Tent insulation

We are prototyping the insulation kit in my v2 XL. The goal is to eventually pattern the kit for other tents as well.

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Our insulation kit, when fully developed, will commercially available.

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This Mainer is eager to try it out! Thanks again for your hard work on this.

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I am very interested in this. Excited to see the final product!

+1 with the_philxx.

Would be great if this were available by mid February when I pick up my v2

As a contingency, I have been talking to some local commercial sewing companies as well as a couple of companies that already make tent insulation solutions around cost and materials once I have my V2. If I end up going this route, I would prefer open source the patterns including information on various materials for best insulation and minimization of condensation, but it will depend on the agreement with the company I go with to do a custom build.

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Started buying materials to make my own insulation pack. The wait for a commercially available unit is taking too long. Was gonna go super basic with an XL harbor freight moving blanket and mylar as a POC, but decided to go a little more refined on materials and go the “Buy once, cry once” route. It’s still gonna be a basic solid liner for the tent fabric, but should provide much better performance and ambiance vs the budget option. I’ll add some features later, if I feel I need to.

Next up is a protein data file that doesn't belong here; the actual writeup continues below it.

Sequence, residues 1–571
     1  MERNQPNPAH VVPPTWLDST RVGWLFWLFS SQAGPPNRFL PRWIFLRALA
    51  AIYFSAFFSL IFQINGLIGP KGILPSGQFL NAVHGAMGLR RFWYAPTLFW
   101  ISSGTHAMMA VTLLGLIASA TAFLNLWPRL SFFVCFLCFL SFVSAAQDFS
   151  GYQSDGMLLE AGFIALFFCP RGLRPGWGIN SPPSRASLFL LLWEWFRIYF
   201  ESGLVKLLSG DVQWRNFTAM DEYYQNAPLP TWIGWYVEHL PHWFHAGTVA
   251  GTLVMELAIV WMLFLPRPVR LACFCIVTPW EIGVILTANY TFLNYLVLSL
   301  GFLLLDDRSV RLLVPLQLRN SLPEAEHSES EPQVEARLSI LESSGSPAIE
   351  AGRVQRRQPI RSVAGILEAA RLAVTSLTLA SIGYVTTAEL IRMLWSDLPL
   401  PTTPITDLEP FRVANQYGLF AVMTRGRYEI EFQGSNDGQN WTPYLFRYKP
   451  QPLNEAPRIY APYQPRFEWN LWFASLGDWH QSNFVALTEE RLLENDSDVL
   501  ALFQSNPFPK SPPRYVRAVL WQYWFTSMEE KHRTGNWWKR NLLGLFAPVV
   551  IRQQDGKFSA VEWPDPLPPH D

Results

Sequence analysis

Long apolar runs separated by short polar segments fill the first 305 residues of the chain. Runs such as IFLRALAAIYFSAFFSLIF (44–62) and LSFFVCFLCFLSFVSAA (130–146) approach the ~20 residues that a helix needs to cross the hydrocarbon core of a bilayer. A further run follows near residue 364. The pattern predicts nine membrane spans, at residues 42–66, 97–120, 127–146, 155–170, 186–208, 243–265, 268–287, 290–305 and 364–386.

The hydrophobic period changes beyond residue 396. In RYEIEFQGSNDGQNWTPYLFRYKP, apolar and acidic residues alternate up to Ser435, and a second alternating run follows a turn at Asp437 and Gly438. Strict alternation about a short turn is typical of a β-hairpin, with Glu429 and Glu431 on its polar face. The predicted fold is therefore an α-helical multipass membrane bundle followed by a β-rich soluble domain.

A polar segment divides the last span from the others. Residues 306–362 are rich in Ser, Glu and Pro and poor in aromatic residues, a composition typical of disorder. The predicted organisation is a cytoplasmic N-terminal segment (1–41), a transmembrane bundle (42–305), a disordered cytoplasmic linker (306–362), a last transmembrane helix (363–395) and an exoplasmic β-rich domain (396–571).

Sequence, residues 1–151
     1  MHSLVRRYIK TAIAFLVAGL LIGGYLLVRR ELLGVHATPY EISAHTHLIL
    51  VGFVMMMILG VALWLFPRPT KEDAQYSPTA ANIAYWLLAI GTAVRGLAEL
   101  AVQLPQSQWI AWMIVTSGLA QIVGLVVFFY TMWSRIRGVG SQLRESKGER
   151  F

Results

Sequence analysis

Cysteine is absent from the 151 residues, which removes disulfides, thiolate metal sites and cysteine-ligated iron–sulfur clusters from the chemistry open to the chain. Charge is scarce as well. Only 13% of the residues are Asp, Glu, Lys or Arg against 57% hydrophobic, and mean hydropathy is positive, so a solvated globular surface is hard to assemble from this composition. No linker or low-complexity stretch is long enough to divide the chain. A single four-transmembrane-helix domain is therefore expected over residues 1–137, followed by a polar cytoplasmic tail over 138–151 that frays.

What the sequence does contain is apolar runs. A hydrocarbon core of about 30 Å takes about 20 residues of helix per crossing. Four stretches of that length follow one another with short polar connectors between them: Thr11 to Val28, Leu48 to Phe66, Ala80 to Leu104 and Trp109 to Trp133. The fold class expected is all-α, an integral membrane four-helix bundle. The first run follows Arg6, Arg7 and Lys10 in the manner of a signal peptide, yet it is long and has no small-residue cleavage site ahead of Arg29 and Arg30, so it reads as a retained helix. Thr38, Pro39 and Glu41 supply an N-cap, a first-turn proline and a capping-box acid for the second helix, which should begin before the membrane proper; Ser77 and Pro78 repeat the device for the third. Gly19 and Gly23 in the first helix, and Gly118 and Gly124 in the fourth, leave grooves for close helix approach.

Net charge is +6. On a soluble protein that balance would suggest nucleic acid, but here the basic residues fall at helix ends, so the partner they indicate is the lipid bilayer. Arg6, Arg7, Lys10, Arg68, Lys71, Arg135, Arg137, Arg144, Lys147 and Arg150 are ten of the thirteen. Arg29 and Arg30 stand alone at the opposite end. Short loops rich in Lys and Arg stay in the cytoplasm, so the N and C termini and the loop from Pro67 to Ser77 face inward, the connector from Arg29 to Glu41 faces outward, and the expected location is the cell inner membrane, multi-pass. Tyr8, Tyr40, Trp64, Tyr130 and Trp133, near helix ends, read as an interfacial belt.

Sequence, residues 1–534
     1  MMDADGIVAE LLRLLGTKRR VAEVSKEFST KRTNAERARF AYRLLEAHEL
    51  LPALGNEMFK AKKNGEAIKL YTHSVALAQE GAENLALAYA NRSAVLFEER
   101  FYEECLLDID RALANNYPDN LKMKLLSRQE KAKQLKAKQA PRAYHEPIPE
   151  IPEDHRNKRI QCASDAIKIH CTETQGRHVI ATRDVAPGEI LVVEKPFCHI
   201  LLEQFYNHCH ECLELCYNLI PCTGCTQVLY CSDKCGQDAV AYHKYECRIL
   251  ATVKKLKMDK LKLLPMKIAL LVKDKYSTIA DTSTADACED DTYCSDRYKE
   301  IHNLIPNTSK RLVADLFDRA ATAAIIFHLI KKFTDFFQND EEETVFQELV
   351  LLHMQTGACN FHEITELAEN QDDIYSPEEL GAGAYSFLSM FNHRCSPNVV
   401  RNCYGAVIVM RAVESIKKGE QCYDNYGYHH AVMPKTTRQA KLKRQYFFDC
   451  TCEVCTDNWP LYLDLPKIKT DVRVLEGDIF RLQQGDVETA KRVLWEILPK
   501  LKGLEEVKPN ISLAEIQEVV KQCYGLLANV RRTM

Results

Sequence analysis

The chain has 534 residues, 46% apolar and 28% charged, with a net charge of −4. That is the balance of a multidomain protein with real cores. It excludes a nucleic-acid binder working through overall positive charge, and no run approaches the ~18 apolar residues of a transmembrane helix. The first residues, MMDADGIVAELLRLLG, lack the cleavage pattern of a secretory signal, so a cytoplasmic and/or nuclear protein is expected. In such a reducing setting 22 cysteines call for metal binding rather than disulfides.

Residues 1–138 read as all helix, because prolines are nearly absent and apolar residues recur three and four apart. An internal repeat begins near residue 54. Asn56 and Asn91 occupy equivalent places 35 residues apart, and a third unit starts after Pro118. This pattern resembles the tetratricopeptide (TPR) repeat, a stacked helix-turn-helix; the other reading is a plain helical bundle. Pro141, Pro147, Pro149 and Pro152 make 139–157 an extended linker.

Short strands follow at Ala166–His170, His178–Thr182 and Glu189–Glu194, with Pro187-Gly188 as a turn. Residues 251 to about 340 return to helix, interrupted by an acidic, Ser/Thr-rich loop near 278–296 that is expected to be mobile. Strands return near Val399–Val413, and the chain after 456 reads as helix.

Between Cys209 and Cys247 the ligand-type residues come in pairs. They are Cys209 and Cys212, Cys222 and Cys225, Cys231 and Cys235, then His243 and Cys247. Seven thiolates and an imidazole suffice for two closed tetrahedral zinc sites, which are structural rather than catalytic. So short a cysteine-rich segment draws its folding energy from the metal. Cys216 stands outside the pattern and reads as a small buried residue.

I’m using Warm Window insulated fabric, a sweet patterned cotton fabric for show, and some 2" bias tape for the edges. Gonna attach the top and bottom with T-nuts and a combination of thread-on and stick-on snaps from Sailrite. Finally, I’ll Scotchgard the patterned fabric for some water resistance. Should be a fun project. I’ll post some progress pics once I receive the materials and start planning.

If you wanna know, this route is already well over $300, but it’ll be exactly what I want. Hopefully. :joy: And I don’t have a sewing machine yet (might have a couple friends with one). Over 1/3 of my cost was just the snaps, toolset and Tnuts. Also worth noting, I use a Propex heater. Hoping this will dramatically reduce the amount of run time when it goes subfreezing.

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I was thinking velcro that to the roof just to keep it from raining on my head. no cutting, just hand sewing velcro patches to the blanket and glue the other side to the roof. $30 in junk and stuff maybe hour of work…BOOM what I need. I know red neck style but how many times a year would I use it?

I still would jump on a commercially available liner at affordable price

got a link to fabrics you ordered?

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Joann’s has a couple sales stacked on this right now. 30% plus 20%.
Warm Window

Got my other fabric from this vendor. I found one that I liked that was 60" wide.
ETSY Vendor

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thanks! that window stuff might be the ticket

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No prob! I was almost gonna do my own quilting with multiple different fabrics and stumbled upon a few YT videos about making insulated window curtains. Most of them used the Warm Window stuff, and the “brochure” for it looks promising.

that would be freakin EPIC